Kranz: u201cFrom a securities standpoint, it's a fairly important decision.u201d

IRVINE, CA—The US Supreme Court has denied a certiorari request by plaintiffs Salameh, et al. regarding the Ninth Circuit court’s landmark decision that the sale of condominium/hotel units at the Hard Rock Hotel in San Diego is not the sale of a security. Effectively, the High Court has upheld the Ninth Circuit court’s ruling, which also lays out a fairly tight set of rules for safe harbor when selling fractionalized interests in a real estate asset.

As reported in August 2013, the issue of whether a fractured-ownership purchase constitutes a security or a real estate transaction was further settled by the recent Ninth Circuit landmark decision, according to Frederick “Rick” Kranz, the prevailing litigator in the case at hand. Kranz, an attorney with locally based Cox Castle & Nicholson, told that the Ninth Circuit “has finally laid down a very clear safe harbor for developing and selling condominium hotels.”

The ruling involved the Circuit upholding a lower-court’s dismissal of plaintiffs’ common-law fraud claims in Salameh, et al. v. Tarsadia Hotels, et al. The Circuit found that the plaintiffs did not allege sufficient facts that would demonstrate that the condominium-hotel units at the Hard Rock Hotel in San Diego constituted a security.

“The plaintiffs asked the Supreme Court to review the case, but they basically said they were not going to hear it and let the Ninth Circuit decision in the underlying case stand,” Kranz now tells “Anybody who sells fractional interests needs to be familiar with the decision. If you do not have a pooling arrangement and there is a distinct time difference between when the product is offered and when a management contract is signed, it’s likely not a security. Developers need to be careful not to use a pooling arrangement and to be careful when using management agreements.”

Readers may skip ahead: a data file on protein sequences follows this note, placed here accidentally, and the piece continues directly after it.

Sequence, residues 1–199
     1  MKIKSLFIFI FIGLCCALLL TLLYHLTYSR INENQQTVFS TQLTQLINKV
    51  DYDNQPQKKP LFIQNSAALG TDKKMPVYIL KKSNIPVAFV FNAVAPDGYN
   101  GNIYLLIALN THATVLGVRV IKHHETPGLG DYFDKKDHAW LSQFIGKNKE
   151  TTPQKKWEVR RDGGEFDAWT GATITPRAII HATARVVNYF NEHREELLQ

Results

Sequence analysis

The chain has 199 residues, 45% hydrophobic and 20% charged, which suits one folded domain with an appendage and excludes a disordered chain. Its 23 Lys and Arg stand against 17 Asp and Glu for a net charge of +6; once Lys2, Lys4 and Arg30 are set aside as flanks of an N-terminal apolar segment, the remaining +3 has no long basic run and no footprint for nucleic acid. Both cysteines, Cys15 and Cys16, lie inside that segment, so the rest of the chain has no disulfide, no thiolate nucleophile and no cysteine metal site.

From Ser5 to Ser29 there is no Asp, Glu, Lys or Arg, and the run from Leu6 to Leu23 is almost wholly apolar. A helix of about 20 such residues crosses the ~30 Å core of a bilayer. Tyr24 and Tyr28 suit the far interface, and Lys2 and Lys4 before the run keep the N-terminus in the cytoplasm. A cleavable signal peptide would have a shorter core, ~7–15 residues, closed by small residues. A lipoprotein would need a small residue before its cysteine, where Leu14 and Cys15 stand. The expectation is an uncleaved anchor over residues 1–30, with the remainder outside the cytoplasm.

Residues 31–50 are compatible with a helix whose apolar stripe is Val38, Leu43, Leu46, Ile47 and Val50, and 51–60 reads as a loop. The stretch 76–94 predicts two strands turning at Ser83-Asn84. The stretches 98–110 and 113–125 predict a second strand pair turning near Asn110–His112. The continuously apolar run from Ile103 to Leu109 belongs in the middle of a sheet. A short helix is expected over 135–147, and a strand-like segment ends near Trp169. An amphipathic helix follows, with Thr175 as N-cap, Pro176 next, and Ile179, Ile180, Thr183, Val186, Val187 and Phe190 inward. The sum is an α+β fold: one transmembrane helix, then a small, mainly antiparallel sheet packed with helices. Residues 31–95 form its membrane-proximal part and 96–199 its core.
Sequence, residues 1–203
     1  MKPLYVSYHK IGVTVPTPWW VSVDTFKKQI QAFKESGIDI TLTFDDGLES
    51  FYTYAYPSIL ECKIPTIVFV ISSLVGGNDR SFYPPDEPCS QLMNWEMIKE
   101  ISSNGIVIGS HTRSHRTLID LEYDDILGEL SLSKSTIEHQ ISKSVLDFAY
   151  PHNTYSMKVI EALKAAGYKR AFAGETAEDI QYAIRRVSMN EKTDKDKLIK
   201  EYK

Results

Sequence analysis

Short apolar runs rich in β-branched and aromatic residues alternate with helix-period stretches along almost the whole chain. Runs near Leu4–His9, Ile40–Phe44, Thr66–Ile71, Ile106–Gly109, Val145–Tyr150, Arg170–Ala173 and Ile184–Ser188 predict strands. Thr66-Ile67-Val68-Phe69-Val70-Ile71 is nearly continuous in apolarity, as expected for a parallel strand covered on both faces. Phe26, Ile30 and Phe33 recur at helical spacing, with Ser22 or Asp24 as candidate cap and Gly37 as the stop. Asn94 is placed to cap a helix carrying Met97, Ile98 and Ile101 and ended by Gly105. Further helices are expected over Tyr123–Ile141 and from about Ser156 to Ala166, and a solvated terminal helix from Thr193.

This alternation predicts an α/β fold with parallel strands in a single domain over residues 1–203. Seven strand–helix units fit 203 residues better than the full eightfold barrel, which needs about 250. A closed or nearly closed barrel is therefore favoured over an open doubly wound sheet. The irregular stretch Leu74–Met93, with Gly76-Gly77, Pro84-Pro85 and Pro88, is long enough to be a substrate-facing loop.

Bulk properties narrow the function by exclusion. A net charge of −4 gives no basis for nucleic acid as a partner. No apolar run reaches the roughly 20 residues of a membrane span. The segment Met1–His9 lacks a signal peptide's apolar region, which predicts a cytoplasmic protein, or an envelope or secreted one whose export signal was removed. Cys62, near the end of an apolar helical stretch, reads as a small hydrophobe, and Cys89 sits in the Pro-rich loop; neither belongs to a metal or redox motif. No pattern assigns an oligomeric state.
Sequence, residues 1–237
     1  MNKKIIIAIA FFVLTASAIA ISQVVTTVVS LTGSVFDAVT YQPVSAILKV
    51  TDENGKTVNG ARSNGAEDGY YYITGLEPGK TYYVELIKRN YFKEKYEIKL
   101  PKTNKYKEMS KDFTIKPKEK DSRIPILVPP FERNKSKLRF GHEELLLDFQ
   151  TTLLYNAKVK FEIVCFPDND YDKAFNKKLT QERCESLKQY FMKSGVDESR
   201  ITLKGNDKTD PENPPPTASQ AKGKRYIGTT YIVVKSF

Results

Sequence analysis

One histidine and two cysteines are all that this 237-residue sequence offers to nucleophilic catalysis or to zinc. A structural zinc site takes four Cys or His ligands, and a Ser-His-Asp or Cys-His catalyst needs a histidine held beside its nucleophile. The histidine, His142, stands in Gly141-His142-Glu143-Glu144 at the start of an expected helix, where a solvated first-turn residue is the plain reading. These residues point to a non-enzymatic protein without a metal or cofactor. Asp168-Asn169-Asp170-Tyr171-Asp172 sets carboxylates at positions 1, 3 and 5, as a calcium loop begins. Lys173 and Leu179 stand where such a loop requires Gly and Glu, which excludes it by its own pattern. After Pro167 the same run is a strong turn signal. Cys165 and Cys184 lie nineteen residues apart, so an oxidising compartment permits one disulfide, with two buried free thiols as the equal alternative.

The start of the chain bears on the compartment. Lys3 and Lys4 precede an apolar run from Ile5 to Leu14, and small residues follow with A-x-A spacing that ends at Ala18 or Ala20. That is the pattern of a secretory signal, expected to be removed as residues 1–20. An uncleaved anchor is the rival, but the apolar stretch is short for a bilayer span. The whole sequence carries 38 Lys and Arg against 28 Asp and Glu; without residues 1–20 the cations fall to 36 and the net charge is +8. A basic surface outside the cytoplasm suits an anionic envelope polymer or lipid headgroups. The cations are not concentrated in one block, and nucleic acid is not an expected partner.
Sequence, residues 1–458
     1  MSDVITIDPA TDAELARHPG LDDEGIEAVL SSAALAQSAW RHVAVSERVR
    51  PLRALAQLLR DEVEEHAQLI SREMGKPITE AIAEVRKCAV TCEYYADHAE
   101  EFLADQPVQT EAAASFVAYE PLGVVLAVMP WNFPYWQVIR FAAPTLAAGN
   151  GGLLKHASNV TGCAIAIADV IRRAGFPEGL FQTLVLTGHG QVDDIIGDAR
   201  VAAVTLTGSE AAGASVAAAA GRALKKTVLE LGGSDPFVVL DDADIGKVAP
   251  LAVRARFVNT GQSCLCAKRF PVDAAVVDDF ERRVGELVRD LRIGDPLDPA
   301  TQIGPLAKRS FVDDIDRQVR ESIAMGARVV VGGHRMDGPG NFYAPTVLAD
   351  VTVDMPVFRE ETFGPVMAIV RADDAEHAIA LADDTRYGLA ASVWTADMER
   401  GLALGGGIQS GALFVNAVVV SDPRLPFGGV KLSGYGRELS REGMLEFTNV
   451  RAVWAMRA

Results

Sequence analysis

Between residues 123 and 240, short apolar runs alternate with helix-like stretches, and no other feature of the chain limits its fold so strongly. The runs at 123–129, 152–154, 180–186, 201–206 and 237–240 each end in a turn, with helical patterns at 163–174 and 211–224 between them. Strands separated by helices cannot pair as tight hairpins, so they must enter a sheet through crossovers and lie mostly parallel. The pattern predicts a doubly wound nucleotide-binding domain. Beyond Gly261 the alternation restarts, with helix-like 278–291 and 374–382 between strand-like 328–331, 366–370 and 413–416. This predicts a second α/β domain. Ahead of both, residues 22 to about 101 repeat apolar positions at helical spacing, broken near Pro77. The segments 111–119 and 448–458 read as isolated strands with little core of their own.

According to, a pooling agreement—also termed as a voting agreement, shareholder voting agreement or shareholder-control agreement—is a contractual arrangement by which corporate shareholders agree that their shares will be voted as a unit. Therefore, a voting trust is created between a group of stockholders and the trustee to whom they transfer their voting rights. In a pooling agreement, individuals who own corporate stock that carries voting rights transfer the shares to another party for voting needs. This is done to control the corporate affairs. Such pooling agreements may also provide the method by which stockholders can direct how the stock is to be voted.

Kranz says the ruling is not only applicable to hotel/condo scenarios like Hard Rock Hotel, but applies to all manner of fractionalized interests including time-share developers, joint and co-tenancy arrangements. “It’s a pretty broad decision and applies to anyone who does securities litigation. At its core, the case tells us that there are specific pleading requirements to survive motions to dismiss. From a securities standpoint, it’s a fairly important decision as well.”

The decision is the end of the road for the Salameh, et al. case, and Kranz says it is a warning bell for the commercial real estate industry to analyze fractionalized interests careful and “watch your step. It can be a security if you don’t watch it carefully.”